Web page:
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Defense points to Bob McDonnell's wife as source of loans

Maureen McDonnell walks to her corruption trial at U.S. District Court for the Eastern District of Virginia, August 18, 2014 in Richmond, Va.

Mark Wilson, Getty Images

Former Virginia Gov. Bob McDonnell's lawyers continued to build a case Tuesday that it was McDonnell's wife, Maureen, who orchestrated the receipt of more than $165,000 in gifts and loans from Virginia CEO Jonnie Williams in exchange for promoting his dietary supplement.

The couple was charged with a 14-count indictment just weeks after McDonnell's term as governor ended. They could face fines of more than $1 million and decades in jail.

On the stand Tuesday was Bob McDonnell's sister -also named Maureen - who owned a real estate business called MoBo Real Estate Partners. Maureen C. McDonnell showed a series of text messages she exchanged with the then-first lady regarding a $50,000 loan from Williams.

"I talked him into it," Maureen McDonnell wrote of the loan. "He preferred to write to me and I handle loan with you."

When Maureen C. McDonnell tried to discuss the loan with her husband, Michael Uncapher, and the governor, the first lady grew upset.

"I left u msgs bcuz I worked on the loan 4 a year, not Bob. I needed 2speak 2 u directly, not Michael. Why do u always do that 2 me? But u could return Bobs call?" she wrote in a text.

When she finally spoke with her brother about the loan by phone, Maureen C. McDonnell testified she could hear Maureen McDonnell screaming, "I arranged this!" in the background.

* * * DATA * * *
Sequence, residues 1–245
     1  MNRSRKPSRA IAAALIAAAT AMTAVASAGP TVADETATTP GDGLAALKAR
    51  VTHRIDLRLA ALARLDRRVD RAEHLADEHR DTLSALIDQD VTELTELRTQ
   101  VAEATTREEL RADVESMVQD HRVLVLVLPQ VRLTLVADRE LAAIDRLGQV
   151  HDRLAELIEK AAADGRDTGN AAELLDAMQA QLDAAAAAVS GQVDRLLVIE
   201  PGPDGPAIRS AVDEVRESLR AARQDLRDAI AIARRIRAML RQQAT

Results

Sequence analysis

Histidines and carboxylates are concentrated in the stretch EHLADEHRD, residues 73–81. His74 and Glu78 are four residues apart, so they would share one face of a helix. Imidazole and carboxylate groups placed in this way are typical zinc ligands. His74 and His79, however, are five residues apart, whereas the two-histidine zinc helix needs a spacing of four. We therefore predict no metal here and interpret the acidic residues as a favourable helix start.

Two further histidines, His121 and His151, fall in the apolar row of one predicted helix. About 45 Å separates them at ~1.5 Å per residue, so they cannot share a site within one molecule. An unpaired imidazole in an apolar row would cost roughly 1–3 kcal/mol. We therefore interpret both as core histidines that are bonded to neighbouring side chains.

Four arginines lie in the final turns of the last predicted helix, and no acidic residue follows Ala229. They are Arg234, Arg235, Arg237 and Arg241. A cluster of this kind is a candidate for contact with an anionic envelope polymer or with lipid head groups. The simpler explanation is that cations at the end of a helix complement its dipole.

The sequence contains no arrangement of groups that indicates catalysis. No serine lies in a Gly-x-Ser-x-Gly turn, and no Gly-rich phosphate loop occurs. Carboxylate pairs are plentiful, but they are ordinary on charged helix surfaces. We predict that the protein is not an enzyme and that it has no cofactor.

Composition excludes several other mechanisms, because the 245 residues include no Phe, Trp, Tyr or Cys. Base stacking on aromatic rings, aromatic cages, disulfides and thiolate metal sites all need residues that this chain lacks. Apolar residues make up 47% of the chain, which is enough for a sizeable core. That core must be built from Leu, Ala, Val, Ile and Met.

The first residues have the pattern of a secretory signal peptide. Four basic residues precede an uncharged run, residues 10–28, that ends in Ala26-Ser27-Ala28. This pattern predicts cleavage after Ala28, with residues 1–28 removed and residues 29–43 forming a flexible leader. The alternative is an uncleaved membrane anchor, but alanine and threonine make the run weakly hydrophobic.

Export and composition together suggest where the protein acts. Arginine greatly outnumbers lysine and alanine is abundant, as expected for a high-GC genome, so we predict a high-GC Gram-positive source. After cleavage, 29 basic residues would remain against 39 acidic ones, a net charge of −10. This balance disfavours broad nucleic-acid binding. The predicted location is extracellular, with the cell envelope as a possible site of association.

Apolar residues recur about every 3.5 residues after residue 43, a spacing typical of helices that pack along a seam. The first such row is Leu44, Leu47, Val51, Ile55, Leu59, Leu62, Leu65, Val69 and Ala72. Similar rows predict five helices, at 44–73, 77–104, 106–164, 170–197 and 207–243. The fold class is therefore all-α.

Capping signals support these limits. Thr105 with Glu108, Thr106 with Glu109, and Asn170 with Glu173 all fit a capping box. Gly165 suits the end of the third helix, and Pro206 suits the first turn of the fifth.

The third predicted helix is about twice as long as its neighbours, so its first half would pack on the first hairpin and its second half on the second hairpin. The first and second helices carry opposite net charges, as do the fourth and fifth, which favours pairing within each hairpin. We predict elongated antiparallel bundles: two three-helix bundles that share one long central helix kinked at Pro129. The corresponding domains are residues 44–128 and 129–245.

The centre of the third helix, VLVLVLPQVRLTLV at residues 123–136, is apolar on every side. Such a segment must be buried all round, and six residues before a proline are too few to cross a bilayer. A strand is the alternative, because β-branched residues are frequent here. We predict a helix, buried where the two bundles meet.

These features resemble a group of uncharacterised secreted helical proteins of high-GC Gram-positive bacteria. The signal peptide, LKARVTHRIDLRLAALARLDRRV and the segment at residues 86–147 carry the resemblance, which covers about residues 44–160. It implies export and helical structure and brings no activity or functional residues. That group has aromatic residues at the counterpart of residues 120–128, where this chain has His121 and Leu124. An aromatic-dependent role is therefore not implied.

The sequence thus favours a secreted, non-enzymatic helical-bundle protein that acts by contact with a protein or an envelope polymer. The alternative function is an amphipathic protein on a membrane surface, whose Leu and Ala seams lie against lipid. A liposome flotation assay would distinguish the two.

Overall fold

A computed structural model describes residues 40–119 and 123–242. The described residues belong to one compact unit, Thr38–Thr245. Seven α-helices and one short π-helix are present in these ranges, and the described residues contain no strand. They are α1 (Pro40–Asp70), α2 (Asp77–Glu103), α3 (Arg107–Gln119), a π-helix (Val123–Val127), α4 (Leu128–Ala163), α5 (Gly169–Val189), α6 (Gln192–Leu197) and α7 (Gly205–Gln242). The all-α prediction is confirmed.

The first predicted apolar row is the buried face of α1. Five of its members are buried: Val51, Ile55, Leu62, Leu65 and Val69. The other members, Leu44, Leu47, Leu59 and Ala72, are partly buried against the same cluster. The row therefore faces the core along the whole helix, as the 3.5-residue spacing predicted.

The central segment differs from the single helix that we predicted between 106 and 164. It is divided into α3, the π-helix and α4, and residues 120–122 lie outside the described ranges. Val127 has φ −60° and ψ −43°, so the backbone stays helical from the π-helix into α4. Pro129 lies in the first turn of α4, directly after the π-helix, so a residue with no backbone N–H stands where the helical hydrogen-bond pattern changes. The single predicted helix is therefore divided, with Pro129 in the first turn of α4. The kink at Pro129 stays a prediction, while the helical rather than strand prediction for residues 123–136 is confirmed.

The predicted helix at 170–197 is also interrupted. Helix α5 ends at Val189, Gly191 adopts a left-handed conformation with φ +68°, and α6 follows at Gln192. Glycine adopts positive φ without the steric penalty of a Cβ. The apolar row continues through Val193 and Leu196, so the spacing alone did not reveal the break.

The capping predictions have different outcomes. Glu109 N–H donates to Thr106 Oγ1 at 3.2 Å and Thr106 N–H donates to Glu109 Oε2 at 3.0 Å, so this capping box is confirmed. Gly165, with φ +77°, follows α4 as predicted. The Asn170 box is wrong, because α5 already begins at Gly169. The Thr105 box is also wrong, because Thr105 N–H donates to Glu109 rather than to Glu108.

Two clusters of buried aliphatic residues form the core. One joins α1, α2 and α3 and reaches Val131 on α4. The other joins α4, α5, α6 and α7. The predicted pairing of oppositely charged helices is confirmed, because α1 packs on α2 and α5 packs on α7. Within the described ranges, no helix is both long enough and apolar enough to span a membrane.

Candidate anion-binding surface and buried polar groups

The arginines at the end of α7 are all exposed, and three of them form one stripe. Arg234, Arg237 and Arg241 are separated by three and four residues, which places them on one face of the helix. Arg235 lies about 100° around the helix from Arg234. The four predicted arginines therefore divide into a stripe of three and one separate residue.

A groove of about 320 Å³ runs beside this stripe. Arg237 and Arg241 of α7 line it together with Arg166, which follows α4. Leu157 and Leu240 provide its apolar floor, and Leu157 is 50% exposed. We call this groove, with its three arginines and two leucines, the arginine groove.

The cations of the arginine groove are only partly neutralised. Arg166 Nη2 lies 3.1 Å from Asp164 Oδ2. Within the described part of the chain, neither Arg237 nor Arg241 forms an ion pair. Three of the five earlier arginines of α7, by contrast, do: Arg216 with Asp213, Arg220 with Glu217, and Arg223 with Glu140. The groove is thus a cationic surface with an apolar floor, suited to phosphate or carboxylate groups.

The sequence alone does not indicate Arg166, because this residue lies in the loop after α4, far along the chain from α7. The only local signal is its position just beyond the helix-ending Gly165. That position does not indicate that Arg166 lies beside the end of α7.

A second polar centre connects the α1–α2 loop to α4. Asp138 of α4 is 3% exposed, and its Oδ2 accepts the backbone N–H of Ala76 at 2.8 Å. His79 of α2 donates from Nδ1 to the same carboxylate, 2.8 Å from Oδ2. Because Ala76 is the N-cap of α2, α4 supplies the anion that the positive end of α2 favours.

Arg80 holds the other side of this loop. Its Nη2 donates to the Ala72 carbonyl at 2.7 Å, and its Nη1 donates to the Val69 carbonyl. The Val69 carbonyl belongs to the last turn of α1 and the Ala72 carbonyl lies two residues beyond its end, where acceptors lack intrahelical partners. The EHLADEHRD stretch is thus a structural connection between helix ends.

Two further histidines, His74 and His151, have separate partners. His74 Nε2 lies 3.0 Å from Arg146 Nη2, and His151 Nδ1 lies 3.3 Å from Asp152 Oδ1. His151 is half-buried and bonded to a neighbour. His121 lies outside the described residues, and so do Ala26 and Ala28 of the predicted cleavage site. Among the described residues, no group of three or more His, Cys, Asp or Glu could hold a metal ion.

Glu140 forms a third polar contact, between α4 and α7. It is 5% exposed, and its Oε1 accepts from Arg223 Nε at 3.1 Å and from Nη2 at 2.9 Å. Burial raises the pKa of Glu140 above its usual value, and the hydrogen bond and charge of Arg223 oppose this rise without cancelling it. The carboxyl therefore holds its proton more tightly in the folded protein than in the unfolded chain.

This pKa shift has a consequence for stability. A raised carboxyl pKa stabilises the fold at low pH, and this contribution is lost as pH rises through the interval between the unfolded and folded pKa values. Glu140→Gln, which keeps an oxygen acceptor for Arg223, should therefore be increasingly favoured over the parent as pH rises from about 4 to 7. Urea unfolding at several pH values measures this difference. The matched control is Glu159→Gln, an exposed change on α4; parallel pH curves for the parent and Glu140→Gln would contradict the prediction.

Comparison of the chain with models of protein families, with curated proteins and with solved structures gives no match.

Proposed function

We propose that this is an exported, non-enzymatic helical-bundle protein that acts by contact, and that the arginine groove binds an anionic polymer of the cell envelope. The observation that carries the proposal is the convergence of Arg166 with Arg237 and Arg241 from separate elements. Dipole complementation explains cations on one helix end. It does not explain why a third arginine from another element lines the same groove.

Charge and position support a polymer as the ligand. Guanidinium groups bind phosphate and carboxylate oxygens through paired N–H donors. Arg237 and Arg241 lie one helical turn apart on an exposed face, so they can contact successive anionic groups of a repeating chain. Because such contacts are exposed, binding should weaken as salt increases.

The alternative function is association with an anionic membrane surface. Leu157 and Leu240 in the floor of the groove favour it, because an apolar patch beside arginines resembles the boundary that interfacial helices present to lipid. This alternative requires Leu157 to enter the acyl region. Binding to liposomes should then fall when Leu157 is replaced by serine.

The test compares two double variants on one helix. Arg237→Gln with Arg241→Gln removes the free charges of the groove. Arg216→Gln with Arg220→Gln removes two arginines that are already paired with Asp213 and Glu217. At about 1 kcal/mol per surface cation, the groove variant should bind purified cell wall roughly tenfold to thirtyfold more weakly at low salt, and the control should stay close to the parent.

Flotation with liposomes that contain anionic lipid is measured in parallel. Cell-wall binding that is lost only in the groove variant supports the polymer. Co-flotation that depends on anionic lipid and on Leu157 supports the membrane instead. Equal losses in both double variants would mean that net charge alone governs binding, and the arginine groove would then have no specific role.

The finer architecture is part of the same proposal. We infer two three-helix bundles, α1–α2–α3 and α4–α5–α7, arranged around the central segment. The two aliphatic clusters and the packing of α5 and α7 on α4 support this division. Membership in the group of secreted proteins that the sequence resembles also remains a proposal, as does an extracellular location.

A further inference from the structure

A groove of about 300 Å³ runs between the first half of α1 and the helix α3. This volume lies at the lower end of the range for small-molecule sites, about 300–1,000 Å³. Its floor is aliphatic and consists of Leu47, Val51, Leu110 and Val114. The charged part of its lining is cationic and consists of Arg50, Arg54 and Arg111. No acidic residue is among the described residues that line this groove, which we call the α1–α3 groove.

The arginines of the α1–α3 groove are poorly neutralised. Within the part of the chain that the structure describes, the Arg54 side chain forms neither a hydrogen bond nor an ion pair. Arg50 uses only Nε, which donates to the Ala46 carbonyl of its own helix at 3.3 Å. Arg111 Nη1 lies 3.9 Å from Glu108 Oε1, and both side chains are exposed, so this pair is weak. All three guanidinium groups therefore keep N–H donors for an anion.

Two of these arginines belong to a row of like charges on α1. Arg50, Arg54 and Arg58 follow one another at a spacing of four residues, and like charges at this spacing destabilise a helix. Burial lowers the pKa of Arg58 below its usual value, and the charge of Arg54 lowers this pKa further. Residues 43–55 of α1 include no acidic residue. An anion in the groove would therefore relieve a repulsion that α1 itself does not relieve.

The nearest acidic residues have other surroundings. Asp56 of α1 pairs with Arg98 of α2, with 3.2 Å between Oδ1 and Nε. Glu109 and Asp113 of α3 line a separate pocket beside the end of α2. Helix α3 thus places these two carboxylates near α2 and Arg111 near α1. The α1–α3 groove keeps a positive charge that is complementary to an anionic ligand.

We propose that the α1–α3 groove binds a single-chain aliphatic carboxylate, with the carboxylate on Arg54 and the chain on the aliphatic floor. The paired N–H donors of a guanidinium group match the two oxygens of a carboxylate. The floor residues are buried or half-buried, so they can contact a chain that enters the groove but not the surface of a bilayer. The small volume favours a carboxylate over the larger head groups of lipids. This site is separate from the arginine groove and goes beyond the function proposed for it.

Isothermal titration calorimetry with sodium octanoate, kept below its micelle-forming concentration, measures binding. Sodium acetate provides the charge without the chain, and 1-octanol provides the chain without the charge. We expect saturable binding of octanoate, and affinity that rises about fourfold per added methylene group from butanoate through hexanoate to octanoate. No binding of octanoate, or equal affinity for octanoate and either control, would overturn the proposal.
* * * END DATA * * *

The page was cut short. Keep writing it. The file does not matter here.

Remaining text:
The defense also argued that the family didn't need Williams' money because Maureen C. McDonnell was independently wealthy from her salary, bonuses, and retirement accounts totaling nearly $750,000 dollars. But she testified that she preferred to take out individual or institutional loans where there were low interest rates available.

McDonnell's sister also added more context to the narrative that the governor's marriage was falling apart. She said her sister-in-law had two sides - one sweet and tender, and another that was "manipulative" "unpredictable" and "deceptive." The former first lady also referred to the governor's mansion as "that prison mansion."

Defense attorneys have said the marriage was on the rocks and that Maureen had developed a crush on Williams, suggesting that the McDonnells could not have engaged in a criminal conspiracy because they were barely speaking.

Bob McDonnell is expected to testify in his own defense at some point in the trial.

CBS News' Tolleah Price contributed.

  • Rebecca Kaplan

    Rebecca Kaplan is a political reporter for